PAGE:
Greetings to all. I am very pleased to contribute this article and I hope that this will be a regular feature of the AXAF newsletter. Before commenting on the general status of AXAF from my point of view, I would like to point out that Project Science for AXAF is more than a single person who represents the user community's interests on an occasional basis. I am ably supported by a number of extremely dedicated scientists at the Marshall Space Flight Center: Steve O'Dell, Allyn Tennant, Ron Elsner, Marshall Joy, Robert Austin, Jeff Kolodzieczjak, Brian Ramsey, and Martin Sulkanen.
A major development since the last newsletter has been the removal of AXAF-S - the segment that featured non-dispersive spectroscopy - from the AXAF Program. This was a decision made by the Congress of the United States last year. Fortunately, there remains the possibility of a launch of the instrument (the XRS) as part of the Japanese Space Program on Astro-E. This option is currently being studied both in the United States and Japan.
After seventeen years, we are entering a new phase in the development of AXAF. Most of the `Preliminary Design Reviews' have been completed, and `Critical Design Reviews' - where all designs are frozen - are coming upon us shortly. The completion of all eight pieces of glass (four paraboloid-hyperboloid pairs) by HDOS (Hughes Danbury Optical Systems) is progressing, and figuring and polishing will be finished by this time next year. Then, the glass elements will be iridium coated by OCLI (Optical Coating Laboratories, Inc.) in California, and the elements will be delivered to EKC (Eastman Kodak Corporation) for assembly into a telescope. In about two years the instruments will be completed and delivered to MSFC where they, together with the telescope will undergo several months of extremely detailed testing and calibration at the refurbished X-Ray Calibration Facility. The new facility (upgraded from that used for the Einstein Observatory) now features a larger test chamber to accommodate the AXAF 10 m focal length, and the distance between the X-ray sources and the telescope is over 500 m. Three X-ray sources, two monochrometers, and an array of subsidiary focal plane instrumentation will also be available as part of the calibration program. These activities, together with off-line calibrations of the focal-plane instruments and a program of synchrotron measurements of flats which will be coated at the same time and in the same facility as the optics, are the ground-based calibration program.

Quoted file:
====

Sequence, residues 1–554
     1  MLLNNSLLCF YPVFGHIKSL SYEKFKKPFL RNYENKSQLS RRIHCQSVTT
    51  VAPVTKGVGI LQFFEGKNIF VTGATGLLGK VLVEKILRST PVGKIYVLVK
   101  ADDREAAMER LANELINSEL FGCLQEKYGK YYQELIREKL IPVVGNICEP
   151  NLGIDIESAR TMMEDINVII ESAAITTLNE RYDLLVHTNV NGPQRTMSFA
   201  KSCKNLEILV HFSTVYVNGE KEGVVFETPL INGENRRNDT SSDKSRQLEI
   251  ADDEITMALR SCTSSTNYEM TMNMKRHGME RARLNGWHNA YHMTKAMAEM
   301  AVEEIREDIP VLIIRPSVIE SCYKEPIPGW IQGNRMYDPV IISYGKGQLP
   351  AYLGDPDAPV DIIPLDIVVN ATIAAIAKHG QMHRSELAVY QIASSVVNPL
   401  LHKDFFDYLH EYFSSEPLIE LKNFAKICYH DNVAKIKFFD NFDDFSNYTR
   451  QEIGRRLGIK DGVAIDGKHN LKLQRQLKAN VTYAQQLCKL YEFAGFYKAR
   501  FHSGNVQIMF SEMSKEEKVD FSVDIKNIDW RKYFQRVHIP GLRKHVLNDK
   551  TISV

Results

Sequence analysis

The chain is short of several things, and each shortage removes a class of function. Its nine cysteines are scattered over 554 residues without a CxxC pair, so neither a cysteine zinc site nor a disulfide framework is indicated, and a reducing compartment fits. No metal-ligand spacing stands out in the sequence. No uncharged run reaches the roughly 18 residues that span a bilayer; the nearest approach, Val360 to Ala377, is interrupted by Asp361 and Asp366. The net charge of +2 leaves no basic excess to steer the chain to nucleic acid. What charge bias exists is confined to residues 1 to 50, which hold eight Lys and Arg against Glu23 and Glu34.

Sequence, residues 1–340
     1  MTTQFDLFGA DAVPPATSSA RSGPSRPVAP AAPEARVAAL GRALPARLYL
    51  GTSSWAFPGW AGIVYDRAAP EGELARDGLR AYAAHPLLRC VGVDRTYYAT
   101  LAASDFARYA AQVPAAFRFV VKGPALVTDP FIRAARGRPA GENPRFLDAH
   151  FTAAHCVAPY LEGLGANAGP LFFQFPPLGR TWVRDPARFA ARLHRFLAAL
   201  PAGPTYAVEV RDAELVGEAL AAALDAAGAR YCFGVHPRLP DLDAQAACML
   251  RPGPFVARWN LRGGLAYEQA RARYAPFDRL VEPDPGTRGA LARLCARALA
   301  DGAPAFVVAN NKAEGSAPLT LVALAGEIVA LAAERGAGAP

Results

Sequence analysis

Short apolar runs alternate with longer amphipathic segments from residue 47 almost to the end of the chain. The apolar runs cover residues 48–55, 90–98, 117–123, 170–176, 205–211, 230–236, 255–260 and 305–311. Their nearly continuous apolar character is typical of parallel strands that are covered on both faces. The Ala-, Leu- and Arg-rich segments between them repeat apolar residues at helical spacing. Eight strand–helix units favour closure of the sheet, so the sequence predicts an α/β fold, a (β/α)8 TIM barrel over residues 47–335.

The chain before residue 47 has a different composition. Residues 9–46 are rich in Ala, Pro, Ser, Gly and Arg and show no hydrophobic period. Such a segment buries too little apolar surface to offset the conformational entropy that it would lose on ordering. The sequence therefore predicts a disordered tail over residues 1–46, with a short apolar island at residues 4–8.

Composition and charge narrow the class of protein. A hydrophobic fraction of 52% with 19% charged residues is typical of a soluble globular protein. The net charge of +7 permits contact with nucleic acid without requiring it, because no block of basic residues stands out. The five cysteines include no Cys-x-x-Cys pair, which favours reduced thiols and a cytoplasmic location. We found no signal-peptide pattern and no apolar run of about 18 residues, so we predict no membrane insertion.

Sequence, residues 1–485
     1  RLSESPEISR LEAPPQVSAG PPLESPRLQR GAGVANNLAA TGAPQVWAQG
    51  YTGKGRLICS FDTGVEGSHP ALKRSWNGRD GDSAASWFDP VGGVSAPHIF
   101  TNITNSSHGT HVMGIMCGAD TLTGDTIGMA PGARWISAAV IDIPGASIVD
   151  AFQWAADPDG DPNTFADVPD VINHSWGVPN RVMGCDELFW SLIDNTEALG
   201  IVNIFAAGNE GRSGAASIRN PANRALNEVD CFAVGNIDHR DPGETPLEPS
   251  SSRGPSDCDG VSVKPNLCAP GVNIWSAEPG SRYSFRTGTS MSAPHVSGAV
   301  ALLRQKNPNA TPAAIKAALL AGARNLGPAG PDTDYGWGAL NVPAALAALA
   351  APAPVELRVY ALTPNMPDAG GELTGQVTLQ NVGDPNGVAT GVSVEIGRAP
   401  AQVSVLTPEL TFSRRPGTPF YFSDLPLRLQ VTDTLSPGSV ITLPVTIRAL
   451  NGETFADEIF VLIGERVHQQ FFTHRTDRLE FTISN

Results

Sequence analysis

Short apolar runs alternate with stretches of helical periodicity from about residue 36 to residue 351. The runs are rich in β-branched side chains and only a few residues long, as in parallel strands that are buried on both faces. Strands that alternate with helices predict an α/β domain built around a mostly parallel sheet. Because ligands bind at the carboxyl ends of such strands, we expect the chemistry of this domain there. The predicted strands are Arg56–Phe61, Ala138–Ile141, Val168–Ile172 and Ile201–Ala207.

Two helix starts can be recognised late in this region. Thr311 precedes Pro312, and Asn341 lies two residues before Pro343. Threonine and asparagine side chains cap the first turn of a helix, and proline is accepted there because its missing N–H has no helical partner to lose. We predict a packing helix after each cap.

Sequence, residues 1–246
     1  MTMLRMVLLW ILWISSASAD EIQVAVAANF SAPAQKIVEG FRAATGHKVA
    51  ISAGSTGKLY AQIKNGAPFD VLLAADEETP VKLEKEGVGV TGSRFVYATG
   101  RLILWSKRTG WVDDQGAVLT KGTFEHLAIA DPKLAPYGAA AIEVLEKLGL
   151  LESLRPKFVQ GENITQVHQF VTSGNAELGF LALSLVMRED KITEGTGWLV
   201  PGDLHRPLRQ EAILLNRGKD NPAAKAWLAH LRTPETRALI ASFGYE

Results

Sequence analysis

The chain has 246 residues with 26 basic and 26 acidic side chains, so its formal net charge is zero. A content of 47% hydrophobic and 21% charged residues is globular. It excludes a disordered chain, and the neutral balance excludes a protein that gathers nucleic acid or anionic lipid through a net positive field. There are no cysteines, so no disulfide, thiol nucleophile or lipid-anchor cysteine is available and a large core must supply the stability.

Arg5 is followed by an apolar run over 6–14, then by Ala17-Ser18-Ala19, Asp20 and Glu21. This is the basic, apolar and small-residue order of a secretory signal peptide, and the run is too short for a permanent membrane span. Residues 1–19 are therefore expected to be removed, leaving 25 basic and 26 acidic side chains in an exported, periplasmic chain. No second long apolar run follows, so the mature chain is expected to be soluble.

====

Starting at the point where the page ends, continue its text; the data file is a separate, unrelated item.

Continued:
We (Project Science) are also in the process of soliciting inputs necessary to organize the observing program. Currently, we are emphasizing the questions (not the answers). Examples of such questions are: Should there be key projects? Should there be a quota system associated with the length of observations (e.g., 25% `long', 50% `medium', and 25% `short')? Should there be a minimum observation time? How should one avoid `source monopolies' by the Guaranteed Time Observers (GTOs)? We have solicited inputs from the ASC and its Users' Committee, and the Science Working Group. Of course suggested answers are also welcome, and we would be especially interested in examples of how an issue was dealt with on other programs - correctly or incorrectly. We would appreciate your input via e-mail to email@example.com.